This past May, The Motley Fool sent 8 of its best stock analysts to Omaha, Nebraska to attend the Berkshire Hathaway annual shareholder meeting. CEO Warren Buffett and Vice Chairman Charlie Munger fielded questions for nearly 6 hours.
The catch was: Attendees weren't allowed to record any of it. No audio. No video. 

Our team of analysts wrote down every single word Buffett and Munger uttered. Over 16,000 words. But only two words stood out to me as I read the detailed transcript of the event: "Real threat."

That's how Buffett responded when asked about this emerging market that is already expected to be worth more than $2 trillion in the U.S. alone. Google has already put some of its best engineers behind the technology powering this trend. 

The amazing thing is, while Buffett may be nervous, the rest of us can invest in this new industry BEFORE the old money realizes what hit them.

KPMG advises we're "on the cusp of revolutionary change" coming much "sooner than you think."

Even one legendary MIT professor had to recant his position that the technology was "beyond the capability of computer science." (He recently confessed to The Wall Street Journal that he's now a believer and amazed "how quickly this technology caught on.")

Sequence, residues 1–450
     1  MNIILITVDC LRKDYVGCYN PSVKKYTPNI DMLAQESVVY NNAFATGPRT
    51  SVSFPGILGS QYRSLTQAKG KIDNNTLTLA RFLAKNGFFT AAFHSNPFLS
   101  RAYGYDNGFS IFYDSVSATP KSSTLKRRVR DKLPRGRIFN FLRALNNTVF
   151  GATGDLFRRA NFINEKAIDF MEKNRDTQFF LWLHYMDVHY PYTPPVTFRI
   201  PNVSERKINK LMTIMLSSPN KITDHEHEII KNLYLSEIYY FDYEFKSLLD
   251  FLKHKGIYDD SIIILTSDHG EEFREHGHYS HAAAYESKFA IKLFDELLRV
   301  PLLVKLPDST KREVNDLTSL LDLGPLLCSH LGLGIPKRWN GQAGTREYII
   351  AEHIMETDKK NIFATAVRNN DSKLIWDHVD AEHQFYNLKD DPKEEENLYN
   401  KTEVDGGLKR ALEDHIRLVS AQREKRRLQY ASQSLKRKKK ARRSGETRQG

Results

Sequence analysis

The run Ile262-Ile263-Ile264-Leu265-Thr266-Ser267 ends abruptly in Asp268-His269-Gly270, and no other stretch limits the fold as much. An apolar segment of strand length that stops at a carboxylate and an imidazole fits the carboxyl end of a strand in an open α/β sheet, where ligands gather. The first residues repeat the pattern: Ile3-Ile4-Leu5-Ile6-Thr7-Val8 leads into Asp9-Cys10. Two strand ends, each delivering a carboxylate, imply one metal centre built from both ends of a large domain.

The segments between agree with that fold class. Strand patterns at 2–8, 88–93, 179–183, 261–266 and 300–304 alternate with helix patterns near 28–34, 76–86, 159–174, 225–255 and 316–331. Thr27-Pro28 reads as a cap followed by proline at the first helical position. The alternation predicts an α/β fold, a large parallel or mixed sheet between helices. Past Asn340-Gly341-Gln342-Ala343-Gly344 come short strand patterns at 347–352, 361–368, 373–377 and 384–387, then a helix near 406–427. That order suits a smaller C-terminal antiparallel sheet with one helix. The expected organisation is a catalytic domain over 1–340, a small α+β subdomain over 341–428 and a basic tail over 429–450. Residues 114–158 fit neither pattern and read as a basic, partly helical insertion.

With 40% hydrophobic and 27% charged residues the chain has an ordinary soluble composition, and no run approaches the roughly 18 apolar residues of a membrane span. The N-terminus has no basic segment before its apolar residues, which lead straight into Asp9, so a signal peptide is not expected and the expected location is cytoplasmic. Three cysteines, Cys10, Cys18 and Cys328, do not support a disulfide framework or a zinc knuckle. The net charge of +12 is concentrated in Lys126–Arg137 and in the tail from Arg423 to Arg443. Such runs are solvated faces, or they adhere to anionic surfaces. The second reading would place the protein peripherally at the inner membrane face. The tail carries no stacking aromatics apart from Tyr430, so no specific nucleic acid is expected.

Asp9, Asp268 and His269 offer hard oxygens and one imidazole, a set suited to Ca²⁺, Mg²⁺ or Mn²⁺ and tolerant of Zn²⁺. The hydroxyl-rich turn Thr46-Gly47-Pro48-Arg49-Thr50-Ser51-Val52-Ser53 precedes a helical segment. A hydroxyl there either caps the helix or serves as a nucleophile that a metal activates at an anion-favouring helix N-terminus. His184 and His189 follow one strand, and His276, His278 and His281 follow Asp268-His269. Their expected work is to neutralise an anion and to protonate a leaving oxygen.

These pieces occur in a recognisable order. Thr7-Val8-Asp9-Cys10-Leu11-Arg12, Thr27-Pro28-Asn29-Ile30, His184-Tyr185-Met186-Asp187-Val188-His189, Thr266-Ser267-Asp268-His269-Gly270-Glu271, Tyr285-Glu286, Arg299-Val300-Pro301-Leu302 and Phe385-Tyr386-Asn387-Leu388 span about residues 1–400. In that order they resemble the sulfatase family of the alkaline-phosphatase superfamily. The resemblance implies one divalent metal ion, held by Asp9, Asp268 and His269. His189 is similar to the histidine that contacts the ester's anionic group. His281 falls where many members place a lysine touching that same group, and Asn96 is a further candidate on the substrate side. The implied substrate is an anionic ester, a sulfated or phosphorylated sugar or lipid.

Yet according to one J.D. Power and Associates survey, only 1 in 5 Americans are even interested in this technology, much less ready to invest in it. Needless to say, you haven't missed your window of opportunity. 

Think about how many amazing technologies you've watched soar to new heights while you kick yourself thinking, "I knew about that technology before everyone was talking about it, but I just sat on my hands." 

Don't let that happen again. This time, it should be your family telling you, "I can't believe you knew about and invested in that technology so early on."

That's why I hope you take just a few minutes to access the exclusive research our team of analysts has put together on this industry and the one stock positioned to capitalize on this major shift.

Click here to learn about this incredible technology before Buffett stops being scared and starts buying!

David Hanson owns shares of Berkshire Hathaway and American Express. The Motley Fool recommends and owns shares of Berkshire Hathaway, Google, and Coca-Cola.We Fools don't all hold the same opinions, but we all believe that considering a diverse range of insights makes us better investors. The Motley Fool has a disclosure policy.